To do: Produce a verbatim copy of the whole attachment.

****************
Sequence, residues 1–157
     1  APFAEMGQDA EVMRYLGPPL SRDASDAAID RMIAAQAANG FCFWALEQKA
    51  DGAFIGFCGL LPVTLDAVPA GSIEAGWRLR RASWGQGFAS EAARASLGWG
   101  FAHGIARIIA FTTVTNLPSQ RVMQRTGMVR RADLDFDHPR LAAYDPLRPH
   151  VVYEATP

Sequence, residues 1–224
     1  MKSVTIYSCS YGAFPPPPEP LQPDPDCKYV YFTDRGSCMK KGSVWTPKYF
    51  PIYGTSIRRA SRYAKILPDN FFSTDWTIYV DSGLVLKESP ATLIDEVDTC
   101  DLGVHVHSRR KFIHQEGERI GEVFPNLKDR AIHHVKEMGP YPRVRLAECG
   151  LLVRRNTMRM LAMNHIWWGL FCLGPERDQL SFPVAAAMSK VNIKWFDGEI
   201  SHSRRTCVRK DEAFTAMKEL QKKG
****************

Sequence, residues 1–157
     1  APFAEMGQDA EVMRYLGPPL SRDASDAAID RMIAAQAANG FCFWALEQKA
    51  DGAFIGFCGL LPVTLDAVPA GSIEAGWRLR RASWGQGFAS EAARASLGWG
   101  FAHGIARIIA FTTVTNLPSQ RVMQRTGMVR RADLDFDHPR LAAYDPLRPH
   151  VVYEATP

Sequence, residues 1–224
     1  MKSVTIYSCS YGAFPPPPEP LQPDPDCKYV YFTDRGSCMK KGSVWTPKYF
    51  PIYGTSIRRA SRYAKILPDN FFSTDWTIYV DSGLVLKESP ATLIDEVDTC
   101  DLGVHVHSRR KFIHQEGERI GEVFPNLKDR AIHHVKEMGP YPRVRLAECG
   151  LLVRRNTMRM LAMNHIWWGL FCLGPERDQL SFPVAAAMSK VNIKWFDGEI
   201  SHSRRTCVRK DEAFTAMKEL QKKG